it does not possess the personality to assail the validity of the deployment of the Marines. the Court may brush aside technicalities of procedure. by way of allegations and proof. is the basis for the calling of the Marines under the aforestated provision. This Court. widespread civil unrest or anarchy. According to the IBP. Secondly. the Court has adopted a liberal attitude on the locus standi of a petitioner where the petitioner is able to craft an issue of transcendental significance to the people. a point discussed in the latter part of this decision. this case calls for the exercise of the President’s powers as protector of the peace. no emergency exists that would justify the need for the calling of the military to assist the police force. [Rossiter.20 For one. therefore. but is also tasked with attending to the day-to-day . the IBP prays that this Court "review the sufficiency of the factual basis for said troop [Marine] deployment. a reading of the petition shows that the IBP has advanced constitutional issues which deserve the attention of this Court in view of their seriousness. contends that the issue pertaining to the necessity of calling the armed forces is not proper for judicial scrutiny since it involves a political question and the resolution of factual issues which are beyond the review powers of this Court. the bone of contention concerns the factual determination of the President of the necessity of calling the armed forces. But. Moreover. because peace and order are under constant threat and lawless violence occurs in increasing tempo. while this Court gives considerable weight to the parties’ formulation of the issues. behooves the Court to relax the rules on standing and to resolve the issue now.17 Thus. Thus. rather than later. It. The President is not only clothed with extraordinary powers in times of emergency. invasion or rebellion exist to warrant the calling of the Marines. As framed by the parties. satisfy this Court that it has sufficient stake to obtain judicial resolution of the controversy. does not categorically rule that the IBP has absolutely no standing to raise constitutional issues now or in the future. Having stated the foregoing. the realities on the ground do not show that there exist a state of warfare.The American Presidency]. however. the Court is of the view that the power involved may be no more than the maintenance of peace and order and promotion of the general welfare. The President did not commit grave abuse of discretion in calling out the Marines. the legal controversy raised in the petition almost certainly will not go away. It contends that no lawless violence. the resolution of the controversy may warrant a creative approach that goes beyond the narrow confines of the issues raised. Article VII of the Constitution. Manglapus: More particularly. invasion or rebellion. It will stare us in the face again. to aid the PNP in visibility patrols. however.18 In this case. In the words of the late Justice Irene Cortes in Marcos v. The IBP must. In this regard. specifically."19 The Solicitor General. undoubtedly aggravated by the Mindanao insurgency problem. Thus. and the extent of judicial review. the full brunt of the military is not brought upon the citizenry. the power to call out the armed forces to prevent or suppress lawless violence. particularly the Marines. while the parties are in agreement that the power exercised by the President is the power to call out the armed forces. In the case at bar. when the issues raised are of paramount importance to the public. the underlying issues are the scope of presidential powers and limits. novelty and weight as precedents. on the other hand. the IBP admits that the deployment of the military personnel falls under the Commanderin-Chief powers of the President as stated in Section 18. it must be emphasized that this Court has the discretion to take cognizance of a suit which does not satisfy the requirement of legal standing when paramount interest is involved. What the IBP questions.16 In not a few cases.direct and personal injury as a consequence of the questioned act. The power of the President to keep the peace is not limited merely to exercising the commander-in-chief powers in times of emergency or to leading the State against external and internal threats to its existence.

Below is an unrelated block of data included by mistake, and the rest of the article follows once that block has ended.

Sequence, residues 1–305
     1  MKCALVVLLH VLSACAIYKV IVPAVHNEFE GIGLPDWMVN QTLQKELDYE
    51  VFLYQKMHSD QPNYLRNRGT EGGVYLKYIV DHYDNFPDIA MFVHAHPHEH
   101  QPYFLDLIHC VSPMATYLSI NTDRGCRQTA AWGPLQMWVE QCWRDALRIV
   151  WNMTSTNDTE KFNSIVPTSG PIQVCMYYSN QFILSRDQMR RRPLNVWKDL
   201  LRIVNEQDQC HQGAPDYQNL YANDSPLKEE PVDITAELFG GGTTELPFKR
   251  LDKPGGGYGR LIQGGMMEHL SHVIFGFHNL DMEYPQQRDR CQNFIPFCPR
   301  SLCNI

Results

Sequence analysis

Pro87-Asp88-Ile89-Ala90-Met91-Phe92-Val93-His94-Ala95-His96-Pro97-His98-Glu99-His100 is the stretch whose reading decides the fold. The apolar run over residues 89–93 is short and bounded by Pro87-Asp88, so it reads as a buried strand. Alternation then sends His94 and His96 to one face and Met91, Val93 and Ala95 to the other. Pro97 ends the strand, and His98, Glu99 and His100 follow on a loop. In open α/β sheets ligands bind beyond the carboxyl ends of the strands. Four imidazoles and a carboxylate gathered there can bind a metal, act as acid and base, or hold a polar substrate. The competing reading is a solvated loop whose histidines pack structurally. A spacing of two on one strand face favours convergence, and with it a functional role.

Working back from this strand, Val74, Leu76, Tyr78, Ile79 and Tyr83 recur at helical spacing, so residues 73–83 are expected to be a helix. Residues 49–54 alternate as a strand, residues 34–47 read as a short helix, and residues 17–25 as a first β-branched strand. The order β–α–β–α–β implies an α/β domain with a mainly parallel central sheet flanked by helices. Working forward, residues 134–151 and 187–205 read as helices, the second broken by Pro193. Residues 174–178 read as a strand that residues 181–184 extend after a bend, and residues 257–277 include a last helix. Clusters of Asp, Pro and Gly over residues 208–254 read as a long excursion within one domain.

and maintain public order and security. or a lack of judicially discoverable and manageable standards for resolving it. For in making the President commander-in-chief the enumeration of powers that follow cannot be said to exclude the President’s exercising as Commander-in-Chief powers short of the calling of the armed forces." Thus. not justiciable. xxx21 Nonetheless." The 1987 Constitution expands the concept of judicial review by providing that "(T)he Judicial power shall be vested in one Supreme Court and in such lower courts as may be established by law. or suspending the privilege of the writ of habeas corpus or declaring martial law. are to be decided by the people in their sovereign capacity. invasion or rebellion. in order to keep the peace. the Court cannot agree with the Solicitor General that the issue involved is a political question beyond the jurisdiction of this Court to review.22It pertains to issues which are inherently susceptible of being decided on grounds recognized by law. or the impossibility of deciding without an initial policy determination of a kind clearly for nonjudicial discretion. and thus."25 Under this definition. the issue of whether the prescribed qualifications or conditions have been met or the limitations respected. Nevertheless. the Court does not automatically assume jurisdiction over actual constitutional cases brought before it even in instances that are ripe for resolution. As Tañada v. even if it is conceded that the power involved is the President’s power to call out the armed forces to prevent or suppress lawless violence. within the bounds of law. not the legality. of a particular act or measure being assailed. or in regard to which full discretionary authority has been delegated to the legislative or executive branch of government. We now address the Solicitor General’s argument that the issue involved is not susceptible to review by the judiciary because it involves a political question. in fulfilling presidential duties in times of peace is not in any way diminished by the relative want of an emergency specified in the commander-in-chief provision." The reason is that political questions are concerned with issues dependent upon the wisdom. In the classic formulation of Justice Brennan in Baker v. a controversy is justiciable if it refers to a matter which is appropriate for court review. not its wisdom. the jurisdiction to delimit . Judicial power includes the duty of the courts of justice to settle actual controversies involving rights which are legally demandable and enforceable.the problem being one of legality or validity. or the potentiality of embarassment from multifarious pronouncements by various departments on the one question.26 Moreover. Moreover. One class of cases wherein the Court hesitates to rule on are "political questions. under the Constitution. Carr. is justiciable . or the impossibility of a court’s undertaking independent resolution without expressing lack of the respect due coordinate branches of government. As a general proposition.24 "[p]rominent on the surface of any case held to involve a political question is found a textually demonstrable constitutional commitment of the issue to a coordinate political department. if an issue is clearly identified by the text of the Constitution as matters for discretionary action by a particular branch of government or to the people themselves then it is held to be a political question. and to determine whether or not there has been a grave abuse of discretion amounting to lack or excess of jurisdiction on the part of any branch or instrumentality of the Government.problems of maintaining peace and order and ensuring domestic tranquility in times when no foreign foe appears on the horizon. the political question being a function of the separation of powers. Cuenco23 puts it. When the grant of power is qualified. or an unusual need for unquestioning adherence to a political decision already made. the courts will not normally interfere with the workings of another co-equal branch unless the case shows a clear need for the courts to step in to uphold the law and the Constitution. political questions refer "to those questions which. conditional or subject to limitations. the resolution of the controversy will reach a similar result. Wide discretion.